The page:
When I teach about Lev Vygotsky and his renowned theory of the “Zone of Proximal Development” I use puzzles as means of illustrating the principles in an understandable way. Remember this…
As adults or more competent peers support a child’s learning, the child moves from one level in which he can complete tasks independently to the next. This process is called, “scaffolding.”
Take a look at this video of a teacher and another boy supporting a child as he attempts to complete a puzzle.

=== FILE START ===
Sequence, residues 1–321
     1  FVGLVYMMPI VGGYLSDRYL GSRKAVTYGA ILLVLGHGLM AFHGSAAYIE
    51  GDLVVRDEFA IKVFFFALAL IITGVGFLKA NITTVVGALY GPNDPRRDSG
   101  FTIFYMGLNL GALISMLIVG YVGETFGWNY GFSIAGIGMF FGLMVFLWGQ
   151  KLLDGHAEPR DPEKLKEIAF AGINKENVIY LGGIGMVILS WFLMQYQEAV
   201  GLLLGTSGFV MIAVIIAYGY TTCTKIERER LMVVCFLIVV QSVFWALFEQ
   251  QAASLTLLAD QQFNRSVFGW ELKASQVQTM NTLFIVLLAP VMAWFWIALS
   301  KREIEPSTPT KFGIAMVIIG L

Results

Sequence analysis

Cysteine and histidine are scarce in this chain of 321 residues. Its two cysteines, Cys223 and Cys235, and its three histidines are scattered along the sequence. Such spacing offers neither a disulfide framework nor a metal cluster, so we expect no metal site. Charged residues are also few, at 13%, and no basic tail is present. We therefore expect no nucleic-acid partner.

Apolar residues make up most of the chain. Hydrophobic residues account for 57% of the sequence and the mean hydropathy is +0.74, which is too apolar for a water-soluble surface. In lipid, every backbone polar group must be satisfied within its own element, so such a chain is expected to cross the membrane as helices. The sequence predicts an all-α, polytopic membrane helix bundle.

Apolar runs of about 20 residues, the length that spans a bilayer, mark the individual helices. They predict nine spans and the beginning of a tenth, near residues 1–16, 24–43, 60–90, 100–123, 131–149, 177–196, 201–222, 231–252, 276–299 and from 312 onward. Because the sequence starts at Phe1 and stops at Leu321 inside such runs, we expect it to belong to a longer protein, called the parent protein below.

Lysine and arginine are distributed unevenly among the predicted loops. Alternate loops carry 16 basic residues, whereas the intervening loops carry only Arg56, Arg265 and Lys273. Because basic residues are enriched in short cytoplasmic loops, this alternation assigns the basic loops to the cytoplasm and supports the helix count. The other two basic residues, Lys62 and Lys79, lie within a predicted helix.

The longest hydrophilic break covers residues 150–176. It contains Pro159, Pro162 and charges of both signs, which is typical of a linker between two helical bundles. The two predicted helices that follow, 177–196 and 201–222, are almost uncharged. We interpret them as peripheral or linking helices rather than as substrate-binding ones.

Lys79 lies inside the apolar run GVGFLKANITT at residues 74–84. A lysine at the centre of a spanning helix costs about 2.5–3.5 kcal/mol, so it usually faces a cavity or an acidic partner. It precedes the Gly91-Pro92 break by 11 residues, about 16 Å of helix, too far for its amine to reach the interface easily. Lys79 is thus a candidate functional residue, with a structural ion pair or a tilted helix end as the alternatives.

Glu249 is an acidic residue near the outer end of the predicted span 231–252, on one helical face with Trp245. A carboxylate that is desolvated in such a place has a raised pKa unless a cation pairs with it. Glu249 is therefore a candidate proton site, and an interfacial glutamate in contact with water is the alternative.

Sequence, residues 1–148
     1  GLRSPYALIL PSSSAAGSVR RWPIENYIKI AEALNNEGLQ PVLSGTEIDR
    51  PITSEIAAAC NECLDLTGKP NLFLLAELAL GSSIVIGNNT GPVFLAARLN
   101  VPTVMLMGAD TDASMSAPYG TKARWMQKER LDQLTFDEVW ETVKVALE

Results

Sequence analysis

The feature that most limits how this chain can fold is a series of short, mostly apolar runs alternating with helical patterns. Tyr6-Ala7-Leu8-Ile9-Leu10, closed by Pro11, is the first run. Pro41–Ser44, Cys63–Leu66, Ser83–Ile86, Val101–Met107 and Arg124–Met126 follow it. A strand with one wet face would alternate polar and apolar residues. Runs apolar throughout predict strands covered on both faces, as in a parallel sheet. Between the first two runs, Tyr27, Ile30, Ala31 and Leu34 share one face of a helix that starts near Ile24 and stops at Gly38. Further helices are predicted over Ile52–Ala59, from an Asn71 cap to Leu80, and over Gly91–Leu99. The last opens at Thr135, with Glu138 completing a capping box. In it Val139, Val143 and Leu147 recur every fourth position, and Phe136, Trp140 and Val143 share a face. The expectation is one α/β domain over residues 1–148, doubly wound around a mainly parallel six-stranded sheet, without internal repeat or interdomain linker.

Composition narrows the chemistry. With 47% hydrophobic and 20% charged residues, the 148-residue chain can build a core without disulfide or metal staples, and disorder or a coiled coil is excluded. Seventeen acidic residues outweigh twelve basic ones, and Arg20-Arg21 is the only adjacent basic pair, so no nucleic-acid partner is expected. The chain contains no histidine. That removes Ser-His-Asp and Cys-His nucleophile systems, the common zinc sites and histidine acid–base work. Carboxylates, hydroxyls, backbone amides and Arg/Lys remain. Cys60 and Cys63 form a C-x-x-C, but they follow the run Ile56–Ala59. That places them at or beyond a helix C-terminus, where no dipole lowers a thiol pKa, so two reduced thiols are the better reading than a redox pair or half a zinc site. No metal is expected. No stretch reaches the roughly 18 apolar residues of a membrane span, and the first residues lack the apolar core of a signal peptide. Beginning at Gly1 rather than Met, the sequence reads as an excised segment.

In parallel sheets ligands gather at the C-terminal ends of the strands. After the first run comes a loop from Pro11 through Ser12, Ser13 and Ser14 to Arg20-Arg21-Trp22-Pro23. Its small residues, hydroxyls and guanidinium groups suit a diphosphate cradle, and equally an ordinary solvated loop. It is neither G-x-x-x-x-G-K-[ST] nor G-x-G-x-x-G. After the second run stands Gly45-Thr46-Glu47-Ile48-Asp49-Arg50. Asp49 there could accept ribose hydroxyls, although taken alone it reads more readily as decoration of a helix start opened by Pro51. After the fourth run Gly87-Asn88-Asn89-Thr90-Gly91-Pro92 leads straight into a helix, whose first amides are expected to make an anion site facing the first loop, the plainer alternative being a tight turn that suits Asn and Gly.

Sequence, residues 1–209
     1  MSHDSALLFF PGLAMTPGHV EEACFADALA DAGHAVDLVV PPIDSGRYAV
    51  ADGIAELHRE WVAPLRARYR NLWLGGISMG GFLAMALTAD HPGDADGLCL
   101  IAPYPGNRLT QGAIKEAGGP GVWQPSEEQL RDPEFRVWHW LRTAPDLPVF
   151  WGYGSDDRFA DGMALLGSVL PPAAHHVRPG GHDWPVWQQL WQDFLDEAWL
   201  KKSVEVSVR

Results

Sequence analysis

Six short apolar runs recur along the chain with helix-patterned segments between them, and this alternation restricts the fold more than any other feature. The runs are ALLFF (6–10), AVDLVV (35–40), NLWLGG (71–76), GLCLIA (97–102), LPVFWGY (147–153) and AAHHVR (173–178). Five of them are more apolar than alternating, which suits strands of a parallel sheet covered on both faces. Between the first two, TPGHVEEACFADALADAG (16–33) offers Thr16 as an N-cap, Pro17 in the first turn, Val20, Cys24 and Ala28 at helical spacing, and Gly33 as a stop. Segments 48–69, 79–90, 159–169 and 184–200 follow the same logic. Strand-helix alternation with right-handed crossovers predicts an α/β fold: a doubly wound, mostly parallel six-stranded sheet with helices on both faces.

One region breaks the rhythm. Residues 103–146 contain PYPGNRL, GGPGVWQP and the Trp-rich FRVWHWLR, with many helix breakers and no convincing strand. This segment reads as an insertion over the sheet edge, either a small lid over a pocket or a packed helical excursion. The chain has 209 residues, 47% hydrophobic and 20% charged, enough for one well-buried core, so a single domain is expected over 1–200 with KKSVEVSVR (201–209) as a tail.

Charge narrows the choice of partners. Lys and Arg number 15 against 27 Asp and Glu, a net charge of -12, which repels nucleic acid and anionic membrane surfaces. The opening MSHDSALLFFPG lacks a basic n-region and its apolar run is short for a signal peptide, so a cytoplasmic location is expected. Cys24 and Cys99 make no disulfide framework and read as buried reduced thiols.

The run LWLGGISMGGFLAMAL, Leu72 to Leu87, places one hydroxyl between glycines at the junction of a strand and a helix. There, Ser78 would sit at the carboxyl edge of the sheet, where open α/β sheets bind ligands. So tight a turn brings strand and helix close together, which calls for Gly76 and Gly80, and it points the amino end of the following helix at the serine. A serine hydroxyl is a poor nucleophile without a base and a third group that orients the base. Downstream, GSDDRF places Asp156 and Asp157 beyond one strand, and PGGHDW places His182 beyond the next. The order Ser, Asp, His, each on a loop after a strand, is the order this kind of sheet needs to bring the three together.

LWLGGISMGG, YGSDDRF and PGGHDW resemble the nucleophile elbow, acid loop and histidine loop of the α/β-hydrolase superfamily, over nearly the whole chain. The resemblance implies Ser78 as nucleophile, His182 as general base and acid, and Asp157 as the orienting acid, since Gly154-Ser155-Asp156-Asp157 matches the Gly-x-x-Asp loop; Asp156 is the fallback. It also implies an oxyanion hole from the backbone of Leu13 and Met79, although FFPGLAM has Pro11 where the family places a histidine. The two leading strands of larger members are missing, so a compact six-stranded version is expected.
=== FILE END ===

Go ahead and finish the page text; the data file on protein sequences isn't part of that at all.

Did you see the friend show him how to move the pieces around so they fit? Listen as the teacher reminds him that the piece he is holding is a corner piece. Both of these are examples of how an adult or a more sophisticated peer can provide just enough information to a child so that the learning is scaffolded.
Now watch the child complete the puzzle completely in his own. Notice the spatial knowledge required to do so.